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Amnesty International Canada's response to Minister Jason Kenney's Open letter about "Wanted by the CBSA"

    August 10, 2011

    Dear Minister Kenney,

    The Open Letter that you wrote on 9 August and posted on your personal website, in response to the Open Letter we wrote and sent to you and Minister Toews on 2 August, has been brought to our attention by journalists.  We are writing to respond and clarify to some of the points you raise.

    You begin by chastising Amnesty International for raising these concerns when we should instead be focusing on human rights concerns in countries like Iran and North Korea.  Minister, we most certainly do.  A casual review of our most recent reports, actions and news releases covers such countries as Iran, Syria, Bahrain, China, Afghanistan, the Democratic Republic of Congo, Colombia, Georgia, Saudi Arabia and Nigeria.  We do regularly point to areas where we believe Canada’s own human rights laws, policy and practice are in need of reform.  Universal human rights principles apply as equally to Canada as they do to other countries.  Furthermore, the stronger Canada’s domestic human rights record is; the greater our leadership on the world stage. 

    It is also important to highlight that with respect to the specific debate that has arisen through our exchange of letters, Canada has an important role to play in ensuring that individuals who may be responsible for grave human rights violations in countries such as Iran, North Korea and elsewhere will in fact face justice for their crimes.  In doing so, Canada makes a vital contribution to improving human rights protection in those countries.  We are simply calling on Canada to strengthen its efforts on that front.

    You make some strong accusations.  You suggest that by raising the concerns we have outlined in our initial letter we have been recklessly imprecise, and that we are simply engaged in what you term self-congratulatory moral preening.  We certainly regret that you see our concerns in that light for they are entirely and solely based on Canada’s international human rights obligations. 

    We have certainly not at any time said that Canadian authorities should not take action with respect to these or similar cases.  What we have highlighted include the following key principles:

    - The overarching goal and binding international obligation in such cases is to ensure that when there are credible allegations that an individual may have committed genocide, war crimes, crimes against humanity or other crimes under international law, all of which are subject to universal jurisdiction, the state in which the individual is present (Canada in this case) is obligated to ensure the allegations are promptly, thoroughly, independently and impartially investigated and that, if there is sufficient admissible evidence, the individual will be criminally charged and tried in keeping with international fair trial standards.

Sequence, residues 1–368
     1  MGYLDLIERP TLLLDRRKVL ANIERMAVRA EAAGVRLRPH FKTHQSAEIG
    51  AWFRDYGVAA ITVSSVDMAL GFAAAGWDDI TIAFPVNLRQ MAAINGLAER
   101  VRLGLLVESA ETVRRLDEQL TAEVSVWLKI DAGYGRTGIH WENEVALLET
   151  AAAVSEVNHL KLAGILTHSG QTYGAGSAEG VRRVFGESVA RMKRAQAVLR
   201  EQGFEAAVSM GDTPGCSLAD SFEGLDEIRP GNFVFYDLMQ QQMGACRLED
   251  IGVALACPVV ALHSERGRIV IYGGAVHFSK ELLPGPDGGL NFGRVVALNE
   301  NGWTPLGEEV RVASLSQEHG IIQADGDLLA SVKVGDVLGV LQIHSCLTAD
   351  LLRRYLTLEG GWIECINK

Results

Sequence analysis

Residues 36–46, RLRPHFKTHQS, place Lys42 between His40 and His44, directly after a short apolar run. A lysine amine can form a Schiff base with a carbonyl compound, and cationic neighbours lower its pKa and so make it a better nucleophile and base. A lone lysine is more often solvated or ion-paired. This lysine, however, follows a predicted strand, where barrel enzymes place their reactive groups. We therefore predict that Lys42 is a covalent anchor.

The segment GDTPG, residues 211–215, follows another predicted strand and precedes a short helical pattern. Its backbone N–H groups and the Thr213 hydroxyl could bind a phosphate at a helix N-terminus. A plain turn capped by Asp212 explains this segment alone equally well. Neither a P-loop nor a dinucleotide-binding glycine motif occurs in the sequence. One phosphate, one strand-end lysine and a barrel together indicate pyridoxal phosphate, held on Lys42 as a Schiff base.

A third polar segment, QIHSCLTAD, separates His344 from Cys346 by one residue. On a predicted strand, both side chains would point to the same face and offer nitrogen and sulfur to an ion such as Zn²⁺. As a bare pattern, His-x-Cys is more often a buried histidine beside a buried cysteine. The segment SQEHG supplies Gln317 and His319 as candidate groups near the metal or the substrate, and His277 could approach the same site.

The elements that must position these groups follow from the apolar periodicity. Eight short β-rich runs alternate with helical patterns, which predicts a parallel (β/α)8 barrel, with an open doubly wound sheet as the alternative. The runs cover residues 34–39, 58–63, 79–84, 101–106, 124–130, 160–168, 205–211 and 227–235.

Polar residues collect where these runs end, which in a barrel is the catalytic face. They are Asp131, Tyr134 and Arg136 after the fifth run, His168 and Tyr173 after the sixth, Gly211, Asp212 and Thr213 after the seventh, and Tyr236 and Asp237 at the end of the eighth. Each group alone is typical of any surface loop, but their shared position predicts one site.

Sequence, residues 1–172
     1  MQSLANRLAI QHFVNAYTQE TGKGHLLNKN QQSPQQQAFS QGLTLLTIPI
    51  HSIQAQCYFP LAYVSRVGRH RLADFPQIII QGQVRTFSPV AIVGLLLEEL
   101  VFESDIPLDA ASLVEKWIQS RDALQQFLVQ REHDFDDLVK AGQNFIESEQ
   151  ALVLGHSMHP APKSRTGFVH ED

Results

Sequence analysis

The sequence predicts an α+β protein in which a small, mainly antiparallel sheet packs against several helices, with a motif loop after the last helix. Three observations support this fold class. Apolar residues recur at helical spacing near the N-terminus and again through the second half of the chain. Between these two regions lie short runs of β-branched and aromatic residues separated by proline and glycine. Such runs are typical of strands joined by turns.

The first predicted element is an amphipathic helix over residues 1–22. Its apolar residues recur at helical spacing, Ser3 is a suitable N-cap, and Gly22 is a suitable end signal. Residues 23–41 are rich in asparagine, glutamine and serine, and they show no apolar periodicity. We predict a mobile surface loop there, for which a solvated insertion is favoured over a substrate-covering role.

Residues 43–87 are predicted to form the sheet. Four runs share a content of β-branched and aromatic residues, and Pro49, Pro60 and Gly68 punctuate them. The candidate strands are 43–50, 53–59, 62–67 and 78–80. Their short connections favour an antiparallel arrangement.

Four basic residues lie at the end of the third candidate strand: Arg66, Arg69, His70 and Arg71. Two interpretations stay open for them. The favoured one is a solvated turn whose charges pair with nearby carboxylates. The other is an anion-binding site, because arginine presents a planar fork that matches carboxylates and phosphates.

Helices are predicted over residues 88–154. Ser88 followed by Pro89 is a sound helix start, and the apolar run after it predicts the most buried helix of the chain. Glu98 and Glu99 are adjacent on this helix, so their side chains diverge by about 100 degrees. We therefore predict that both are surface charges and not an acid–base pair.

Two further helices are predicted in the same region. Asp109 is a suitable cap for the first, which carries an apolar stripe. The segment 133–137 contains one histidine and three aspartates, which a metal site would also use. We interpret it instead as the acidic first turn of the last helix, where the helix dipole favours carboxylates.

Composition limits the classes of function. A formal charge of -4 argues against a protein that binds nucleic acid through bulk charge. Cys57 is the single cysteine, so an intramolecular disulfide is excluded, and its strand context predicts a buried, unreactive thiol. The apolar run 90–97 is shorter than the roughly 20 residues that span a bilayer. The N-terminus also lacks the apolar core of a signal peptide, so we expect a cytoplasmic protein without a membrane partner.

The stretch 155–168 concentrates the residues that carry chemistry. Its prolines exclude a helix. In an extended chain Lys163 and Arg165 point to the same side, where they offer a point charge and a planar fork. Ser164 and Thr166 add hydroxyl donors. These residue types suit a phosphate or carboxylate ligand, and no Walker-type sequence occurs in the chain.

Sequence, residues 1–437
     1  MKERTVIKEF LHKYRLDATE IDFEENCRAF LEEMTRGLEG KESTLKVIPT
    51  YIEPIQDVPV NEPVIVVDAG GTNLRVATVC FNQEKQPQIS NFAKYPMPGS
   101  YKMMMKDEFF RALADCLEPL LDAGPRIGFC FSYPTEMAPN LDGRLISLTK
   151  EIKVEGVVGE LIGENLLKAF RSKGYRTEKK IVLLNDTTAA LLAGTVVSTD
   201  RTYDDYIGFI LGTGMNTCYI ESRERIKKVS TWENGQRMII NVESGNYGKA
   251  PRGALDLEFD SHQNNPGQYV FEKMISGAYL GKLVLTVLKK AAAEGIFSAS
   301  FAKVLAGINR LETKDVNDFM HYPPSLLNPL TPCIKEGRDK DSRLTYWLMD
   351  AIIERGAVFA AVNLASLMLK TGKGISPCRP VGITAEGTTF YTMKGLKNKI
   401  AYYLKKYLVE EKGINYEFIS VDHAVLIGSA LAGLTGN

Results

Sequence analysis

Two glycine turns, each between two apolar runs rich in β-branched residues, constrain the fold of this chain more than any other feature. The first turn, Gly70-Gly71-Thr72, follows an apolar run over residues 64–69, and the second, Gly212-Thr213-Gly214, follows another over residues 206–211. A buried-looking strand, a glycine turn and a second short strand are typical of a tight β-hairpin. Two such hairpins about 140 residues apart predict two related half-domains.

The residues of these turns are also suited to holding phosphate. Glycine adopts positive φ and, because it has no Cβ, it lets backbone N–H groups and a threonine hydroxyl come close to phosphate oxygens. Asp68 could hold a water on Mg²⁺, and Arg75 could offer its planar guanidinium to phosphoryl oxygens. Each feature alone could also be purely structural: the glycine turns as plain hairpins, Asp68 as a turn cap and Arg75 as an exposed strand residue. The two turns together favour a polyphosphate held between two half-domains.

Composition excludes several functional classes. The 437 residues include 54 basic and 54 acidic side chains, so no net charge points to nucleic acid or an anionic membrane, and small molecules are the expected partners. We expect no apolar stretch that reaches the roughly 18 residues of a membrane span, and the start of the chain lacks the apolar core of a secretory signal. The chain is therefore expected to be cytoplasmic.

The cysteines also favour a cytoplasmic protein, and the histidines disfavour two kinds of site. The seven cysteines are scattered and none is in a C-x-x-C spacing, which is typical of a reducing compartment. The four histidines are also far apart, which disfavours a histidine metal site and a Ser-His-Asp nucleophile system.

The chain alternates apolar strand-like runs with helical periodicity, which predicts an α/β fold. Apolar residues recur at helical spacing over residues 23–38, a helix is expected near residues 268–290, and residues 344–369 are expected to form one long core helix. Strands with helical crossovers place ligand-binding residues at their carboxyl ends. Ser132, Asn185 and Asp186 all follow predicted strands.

- If it is not possible to extradite, surrender or otherwise transfer the individual to his or her home country, another country, or an international tribunal, Canada is obliged to launch criminal proceedings domestically.

    - No individual should ever be deported to a country where they face a serious risk of torture, “disappearance”, extrajudicial execution, the death penalty, unfair trial or other human rights violations.

    - There should be care to ensure that the way cases of this nature are publicized does not infringe the principle of presumption of innocence, given that they have been dealt with through immigration proceedings, with a lower standard of proof and relaxed rules of evidence, rather than through the criminal justice system.

    Minister, all of these concerns and recommendations arise from Canada’s binding obligations under international human rights and international criminal law.  There is nothing recklessly imprecise about highlighting those obligations and urging the Canadian government to adopt an approach that meets those requirements.

    We are confident that the Canadian government shares the goal of continuing to strengthen global and national mechanisms for tackling the impunity that has for too long protected serious human rights violators from facing justice and doing so in conformity with international human rights standards.  That is what we have called on the Canadian government to pursue in this instance.  Working together with other governments, and by prioritizing investigations and prosecutions over deportation, Canada can make vitally important contributions to that ultimate objective.


    Alex Neve, Secretary General,  Amnesty International Canada (English branch)                                    


    Béatrice Vaugrante, Directrice Générale, Aminstie internationale Canada francophone


    John Tackaberry,
    Media Relations,
    Amnesty International Canada
    613-744-7667, ext 236